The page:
I have come to resent the landscape yet most of my photographs use it.
Landscape is a virtually endless fundamental source book of visual material for making photographs that comment on the physical world. It is a tool for picture production like a camera, film, or lens. I use panchromatic black and white film because colour filters enable me to unweave a full colour landscape into many different black and white landscapes. The chances therefore of finding a landscape that says what I need it to say it are much better in black and white than in colour.
Another advantage of black and white is that it announces itself as an abstraction. The photograph is not about what the landscape looks like but rather about what it may mean. To get this level of analysis the photograph needs to be sent to the intellectual centre of the brain because that is where abstract things get processed. A colour picture can be churned within the visual lobes where analysis usually finishes with identification of subject matter and the prompt "next picture please".
The trouble with landscape is that it is indifferent to what I want to do and it cannot be cajoled into co-operation. I am hostage to its changes and need to be on constant alert with a camera at hand when the light just happens to come good. On top of that it is often too hot, cold, wet, windy, steep, deep, or mosquito infested.
But, if I want to do the photographs that landscape makes possible, and I do, then a bit of suffering seems to be fair exchange for a successful photograph.
Photography, the word itself, invented and defined by its author Sir John.F.W.Herschel, 14 March 1839 at the Royal Society, Somerset House, London. Quote "...Photography or the application of the Chemical rays of light to the purpose of pictorial representation,..". unquote.
Yes. B&W. This shoulda been a poll.
"Wubba, wubba, wubba. Bing, bang, bong. Yuck, yuck, yuck and a fiddle-dee-dee." - The Yeti
It's interesting that this topic waxed hot and heavy for a few days, then lay there for more than a year, and picked up again. Apparently there is more to say. Myself, having just found this place, hadn't known about it, so I just read the whole thing this morning. Lots of good stuff here.
There are some significant areas which haven't been approached, some very large questions. These could include such ideas as: Why do we do landscapes at all? What does the landscape mean now, and how has that changed? With the current huge issues in the environment, what is landscape art becoming?
Just what landscape art is, and how it has come to us historically probably is important since we have inherited from traditions even though we seldom use that heritage with much awareness. When we do anything, there are underlying assumptions. Most often, we photograph the landscape because we "like" it, or are attracted to specific scenes for reasons we typically don't think much about. We take landscape for granted because it has become for us, within our own time horizons, one of the major accepted forms. We don't question that. Or do you? Tell me if I'm wrong! One side of this assumption was stated in the original post that started this thing off. Is landscape art really one of the oldest forms of art? Most people probably think it is.
I'm a practicing artist, not an art historian, but here are some things I think ought to be part of our awareness as photographers interested in the landscape.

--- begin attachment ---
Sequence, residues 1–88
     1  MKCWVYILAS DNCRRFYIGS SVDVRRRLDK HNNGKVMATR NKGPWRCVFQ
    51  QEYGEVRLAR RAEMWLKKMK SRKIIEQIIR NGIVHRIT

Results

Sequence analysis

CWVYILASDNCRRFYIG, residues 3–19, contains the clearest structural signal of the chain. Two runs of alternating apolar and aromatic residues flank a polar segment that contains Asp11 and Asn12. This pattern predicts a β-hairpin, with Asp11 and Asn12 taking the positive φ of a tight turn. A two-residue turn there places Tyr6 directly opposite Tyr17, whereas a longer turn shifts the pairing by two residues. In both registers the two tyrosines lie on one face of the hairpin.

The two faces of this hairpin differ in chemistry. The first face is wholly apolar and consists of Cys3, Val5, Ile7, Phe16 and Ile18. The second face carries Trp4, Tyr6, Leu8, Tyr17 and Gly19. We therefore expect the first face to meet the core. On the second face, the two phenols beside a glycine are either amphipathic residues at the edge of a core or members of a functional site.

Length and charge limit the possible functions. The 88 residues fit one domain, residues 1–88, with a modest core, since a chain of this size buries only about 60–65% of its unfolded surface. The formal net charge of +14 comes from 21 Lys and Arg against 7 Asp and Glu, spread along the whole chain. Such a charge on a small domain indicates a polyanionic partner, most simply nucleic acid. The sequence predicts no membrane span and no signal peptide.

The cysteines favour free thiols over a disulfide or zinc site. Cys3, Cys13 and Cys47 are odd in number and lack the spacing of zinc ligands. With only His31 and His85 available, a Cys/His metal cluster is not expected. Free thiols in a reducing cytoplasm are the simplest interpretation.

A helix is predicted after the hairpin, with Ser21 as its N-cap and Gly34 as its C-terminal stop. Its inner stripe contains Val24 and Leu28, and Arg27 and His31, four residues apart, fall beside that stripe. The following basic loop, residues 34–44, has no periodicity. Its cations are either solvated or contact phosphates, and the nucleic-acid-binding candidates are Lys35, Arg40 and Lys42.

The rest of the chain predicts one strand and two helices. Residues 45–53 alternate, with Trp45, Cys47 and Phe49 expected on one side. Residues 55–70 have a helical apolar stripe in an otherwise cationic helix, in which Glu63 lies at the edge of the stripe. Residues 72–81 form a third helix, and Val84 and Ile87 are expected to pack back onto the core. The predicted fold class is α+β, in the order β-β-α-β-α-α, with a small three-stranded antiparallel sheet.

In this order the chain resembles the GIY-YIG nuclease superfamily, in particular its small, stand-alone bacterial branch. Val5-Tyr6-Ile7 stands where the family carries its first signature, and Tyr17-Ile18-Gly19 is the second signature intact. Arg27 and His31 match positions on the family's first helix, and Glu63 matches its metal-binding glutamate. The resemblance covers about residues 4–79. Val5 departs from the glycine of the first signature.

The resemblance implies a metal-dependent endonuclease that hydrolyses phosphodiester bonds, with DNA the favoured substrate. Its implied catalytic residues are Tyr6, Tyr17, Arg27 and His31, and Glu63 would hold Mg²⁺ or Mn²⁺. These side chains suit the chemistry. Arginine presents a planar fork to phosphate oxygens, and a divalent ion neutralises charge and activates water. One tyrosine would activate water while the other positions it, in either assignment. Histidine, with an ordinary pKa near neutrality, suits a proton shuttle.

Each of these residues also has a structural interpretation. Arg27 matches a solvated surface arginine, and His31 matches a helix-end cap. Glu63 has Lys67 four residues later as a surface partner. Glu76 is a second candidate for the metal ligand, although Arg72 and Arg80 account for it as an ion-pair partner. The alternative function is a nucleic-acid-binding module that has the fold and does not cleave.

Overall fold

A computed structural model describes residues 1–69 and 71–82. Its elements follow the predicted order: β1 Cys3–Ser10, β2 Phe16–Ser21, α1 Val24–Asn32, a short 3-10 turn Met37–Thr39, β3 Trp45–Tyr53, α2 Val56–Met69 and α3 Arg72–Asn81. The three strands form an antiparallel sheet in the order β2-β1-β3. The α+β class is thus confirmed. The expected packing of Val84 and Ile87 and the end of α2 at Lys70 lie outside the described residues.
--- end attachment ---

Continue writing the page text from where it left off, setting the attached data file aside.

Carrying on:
In asia it may be true that landscape is one of the oldest forms, but not so much in the west. At least, in Asia, landscape has been important far longer than it has been in Europe (and extended Europe, such as in the Americas).
Prior to the renaissance in the west, art was generally considered to be about religious subjects; even portraiture came into it kind of backward, by including portraits of the doners (those who paid for the picture) in, or beside the scene. The landscape was typically used as a background for human scenes in one way or another. Often, it looked like Donald Duck would have been right at home there. Until the dawn of the romantic era in the west (nineteenth C), nobody seemed to really care that much about the landscape for landscape's sake. I think it likely that they had to fight with the land so hard just to grow turnips.
Landscape became one, if not the primary focus when the Industrial revolution took people away from the land into the cities and industry. Then, landscape came onto the scene charged with deep, mystical character. If you have read Hawthorne, or Melville, you know about this. This same spirit came through in painting. Take a look at Turner, Constable, and on into Bierstadt, etc. Also, people had (some of them) more money, and wanted to travel. People couldn't get enough of it. They had picnics! They fished for trout with artificial flies! They climbed mountains! These activities would not have been very attractive for anyone much ahead of 1800.
And one more. Prior to the industrial revolution, there was no photography of course, and there weren't many people who practiced art. Art was dependent upon a small market composed of fabulously wealthy and powerful individuals and this market was served by a small community of skilled practitioners. If it were that world now, very few of us would be in the game, and there would be no discussion like this. There may not have been anything like what we call "amateur" art, at all.
Now, I realize that this sort of discussion probably goes well beyond the general scope of these fora, and some people reading this may absolutely hate it. My assumption is that if people have more room available for their minds to grow into, maybe they will go for it. Maybe I'm wrong. I guess I'll find out.
I do landscape mostly, or "new topographic" type stuff. Do both color and B&W. When using film, do mostly B&W.
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